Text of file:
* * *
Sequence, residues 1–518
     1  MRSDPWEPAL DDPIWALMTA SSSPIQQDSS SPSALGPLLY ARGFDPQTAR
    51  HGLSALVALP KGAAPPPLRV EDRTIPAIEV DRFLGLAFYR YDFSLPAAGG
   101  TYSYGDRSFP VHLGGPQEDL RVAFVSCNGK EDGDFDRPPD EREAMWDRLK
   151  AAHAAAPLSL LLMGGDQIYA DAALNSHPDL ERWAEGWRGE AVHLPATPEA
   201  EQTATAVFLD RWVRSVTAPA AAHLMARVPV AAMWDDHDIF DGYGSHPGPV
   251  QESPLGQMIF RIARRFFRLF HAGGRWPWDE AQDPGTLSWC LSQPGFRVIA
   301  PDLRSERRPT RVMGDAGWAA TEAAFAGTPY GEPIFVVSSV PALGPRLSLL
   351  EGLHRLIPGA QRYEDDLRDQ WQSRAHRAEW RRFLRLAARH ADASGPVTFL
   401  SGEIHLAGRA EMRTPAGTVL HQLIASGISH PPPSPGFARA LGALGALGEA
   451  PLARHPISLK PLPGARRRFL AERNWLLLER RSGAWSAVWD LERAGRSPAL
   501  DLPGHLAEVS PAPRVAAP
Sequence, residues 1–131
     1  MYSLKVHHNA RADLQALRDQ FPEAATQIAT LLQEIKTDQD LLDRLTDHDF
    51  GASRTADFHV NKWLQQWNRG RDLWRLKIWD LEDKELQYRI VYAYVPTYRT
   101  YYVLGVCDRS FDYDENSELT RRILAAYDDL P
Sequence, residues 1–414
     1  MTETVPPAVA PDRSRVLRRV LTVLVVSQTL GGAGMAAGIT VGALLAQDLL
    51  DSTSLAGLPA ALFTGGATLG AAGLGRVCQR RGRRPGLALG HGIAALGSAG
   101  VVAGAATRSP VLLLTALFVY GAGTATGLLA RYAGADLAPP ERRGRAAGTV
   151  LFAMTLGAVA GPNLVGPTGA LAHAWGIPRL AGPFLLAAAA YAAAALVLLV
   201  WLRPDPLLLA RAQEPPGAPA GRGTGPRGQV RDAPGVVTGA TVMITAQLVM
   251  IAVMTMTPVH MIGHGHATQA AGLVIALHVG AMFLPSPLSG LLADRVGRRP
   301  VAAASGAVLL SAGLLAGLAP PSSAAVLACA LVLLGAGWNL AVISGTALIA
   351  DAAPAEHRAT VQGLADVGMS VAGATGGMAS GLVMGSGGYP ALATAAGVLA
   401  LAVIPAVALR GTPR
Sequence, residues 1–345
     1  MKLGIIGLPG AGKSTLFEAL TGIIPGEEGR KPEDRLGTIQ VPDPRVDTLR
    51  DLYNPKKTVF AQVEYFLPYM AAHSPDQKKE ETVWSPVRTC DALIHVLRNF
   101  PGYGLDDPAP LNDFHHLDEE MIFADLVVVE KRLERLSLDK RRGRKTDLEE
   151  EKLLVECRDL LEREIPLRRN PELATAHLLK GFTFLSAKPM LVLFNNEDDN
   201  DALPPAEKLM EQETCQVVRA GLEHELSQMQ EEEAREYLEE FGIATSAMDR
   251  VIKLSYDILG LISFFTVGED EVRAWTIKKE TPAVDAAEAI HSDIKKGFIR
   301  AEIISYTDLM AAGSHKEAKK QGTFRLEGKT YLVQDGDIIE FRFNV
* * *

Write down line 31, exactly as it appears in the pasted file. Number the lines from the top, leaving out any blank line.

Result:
   151  EKLLVECRDL LEREIPLRRN PELATAHLLK GFTFLSAKPM LVLFNNEDDN